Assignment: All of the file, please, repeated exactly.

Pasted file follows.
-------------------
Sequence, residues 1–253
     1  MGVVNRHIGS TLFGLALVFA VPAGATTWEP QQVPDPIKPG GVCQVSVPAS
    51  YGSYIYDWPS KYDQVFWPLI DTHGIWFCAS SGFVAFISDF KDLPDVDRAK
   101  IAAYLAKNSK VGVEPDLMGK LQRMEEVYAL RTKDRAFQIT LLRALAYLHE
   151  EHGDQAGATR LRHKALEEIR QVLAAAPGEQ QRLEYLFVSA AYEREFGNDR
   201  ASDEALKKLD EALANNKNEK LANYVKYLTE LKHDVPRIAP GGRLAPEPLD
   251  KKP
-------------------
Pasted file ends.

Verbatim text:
Sequence, residues 1–253
     1  MGVVNRHIGS TLFGLALVFA VPAGATTWEP QQVPDPIKPG GVCQVSVPAS
    51  YGSYIYDWPS KYDQVFWPLI DTHGIWFCAS SGFVAFISDF KDLPDVDRAK
   101  IAAYLAKNSK VGVEPDLMGK LQRMEEVYAL RTKDRAFQIT LLRALAYLHE
   151  EHGDQAGATR LRHKALEEIR QVLAAAPGEQ QRLEYLFVSA AYEREFGNDR
   201  ASDEALKKLD EALANNKNEK LANYVKYLTE LKHDVPRIAP GGRLAPEPLD
   251  KKP